The Centaur robot is primarily used by Explosive Ordnance Disposal (EOD) teams to handle dangerous tasks such as disabling improvised explosive devices, landmines, and unexploded ordnance. It offers flexibility as operators can quickly attach different sensors and payloads to address various missions, including handling chemical, biological, radiological, and nuclear (CBRN) threats.
FLIR Defense was selected by the U.S. Army as the MTRS Inc. II system provider in 2017, and since then, other military branches have also procured the robot for their EOD units. Teledyne FLIR Defense has received orders for over 1,800 MTRS Inc. II robots from the Army, Navy, Air Force, and Marine Corps, amounting to more than $250 million.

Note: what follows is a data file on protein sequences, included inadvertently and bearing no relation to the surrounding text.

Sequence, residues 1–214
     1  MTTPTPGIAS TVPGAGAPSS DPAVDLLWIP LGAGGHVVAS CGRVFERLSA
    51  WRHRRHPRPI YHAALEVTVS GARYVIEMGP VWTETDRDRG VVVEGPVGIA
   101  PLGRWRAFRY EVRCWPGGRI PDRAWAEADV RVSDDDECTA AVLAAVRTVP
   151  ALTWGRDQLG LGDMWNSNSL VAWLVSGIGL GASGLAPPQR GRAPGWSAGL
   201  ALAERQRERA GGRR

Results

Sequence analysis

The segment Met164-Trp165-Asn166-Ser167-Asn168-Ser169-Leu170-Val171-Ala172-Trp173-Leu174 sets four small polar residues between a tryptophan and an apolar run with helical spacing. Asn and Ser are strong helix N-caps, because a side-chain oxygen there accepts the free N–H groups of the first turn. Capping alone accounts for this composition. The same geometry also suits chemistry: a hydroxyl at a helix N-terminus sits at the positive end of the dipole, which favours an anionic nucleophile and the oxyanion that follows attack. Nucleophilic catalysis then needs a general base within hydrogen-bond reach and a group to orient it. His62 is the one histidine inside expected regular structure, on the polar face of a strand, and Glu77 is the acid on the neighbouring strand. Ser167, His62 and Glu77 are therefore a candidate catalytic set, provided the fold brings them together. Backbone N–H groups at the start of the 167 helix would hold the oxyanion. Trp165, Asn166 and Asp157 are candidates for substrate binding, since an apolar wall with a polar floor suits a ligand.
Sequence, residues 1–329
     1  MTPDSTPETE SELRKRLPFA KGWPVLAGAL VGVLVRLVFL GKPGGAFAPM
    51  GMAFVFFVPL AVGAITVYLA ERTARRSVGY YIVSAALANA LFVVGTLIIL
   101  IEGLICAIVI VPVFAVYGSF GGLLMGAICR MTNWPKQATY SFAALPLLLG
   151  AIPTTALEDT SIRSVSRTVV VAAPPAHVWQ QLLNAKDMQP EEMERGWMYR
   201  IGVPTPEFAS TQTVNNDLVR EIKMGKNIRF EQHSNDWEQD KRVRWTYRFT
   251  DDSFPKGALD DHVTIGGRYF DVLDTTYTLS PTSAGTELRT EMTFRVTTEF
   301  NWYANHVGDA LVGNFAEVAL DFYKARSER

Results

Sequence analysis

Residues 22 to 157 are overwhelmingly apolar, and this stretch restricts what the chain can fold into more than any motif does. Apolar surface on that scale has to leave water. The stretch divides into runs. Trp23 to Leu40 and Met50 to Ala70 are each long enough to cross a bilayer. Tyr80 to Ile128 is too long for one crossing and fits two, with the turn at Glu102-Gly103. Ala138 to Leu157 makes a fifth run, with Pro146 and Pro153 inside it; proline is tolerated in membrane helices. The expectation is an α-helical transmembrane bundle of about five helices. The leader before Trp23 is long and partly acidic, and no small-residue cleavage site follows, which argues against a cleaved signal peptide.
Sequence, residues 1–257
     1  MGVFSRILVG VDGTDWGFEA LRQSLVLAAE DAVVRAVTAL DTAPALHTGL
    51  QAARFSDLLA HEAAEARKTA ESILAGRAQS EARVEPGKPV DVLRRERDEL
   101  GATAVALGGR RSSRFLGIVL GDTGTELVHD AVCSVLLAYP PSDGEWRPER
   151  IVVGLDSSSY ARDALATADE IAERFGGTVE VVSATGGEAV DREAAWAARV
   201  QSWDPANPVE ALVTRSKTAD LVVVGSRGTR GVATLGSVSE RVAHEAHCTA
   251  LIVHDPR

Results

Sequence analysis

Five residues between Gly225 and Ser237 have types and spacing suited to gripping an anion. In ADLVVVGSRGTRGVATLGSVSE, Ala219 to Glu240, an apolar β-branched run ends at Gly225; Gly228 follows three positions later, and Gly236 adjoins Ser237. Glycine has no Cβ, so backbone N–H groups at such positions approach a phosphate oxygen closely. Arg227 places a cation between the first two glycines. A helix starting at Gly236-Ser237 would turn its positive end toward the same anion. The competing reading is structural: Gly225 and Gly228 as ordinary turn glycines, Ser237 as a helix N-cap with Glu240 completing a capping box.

Dr. JihFen Lei, the executive vice president and general manager of FLIR Defense, expressed pride in the Centaur’s popularity, stating that it has become the most widely produced tactical unmanned ground vehicle used by the U.S. military since the Gulf Wars. The Centaur robot weighs around 160 pounds and features advanced visual/thermal camera capabilities for day and night operations, a dexterous manipulator arm with a reach of over six feet, and the ability to climb stairs. Modular payloads can be added for CBRN detection and other operations.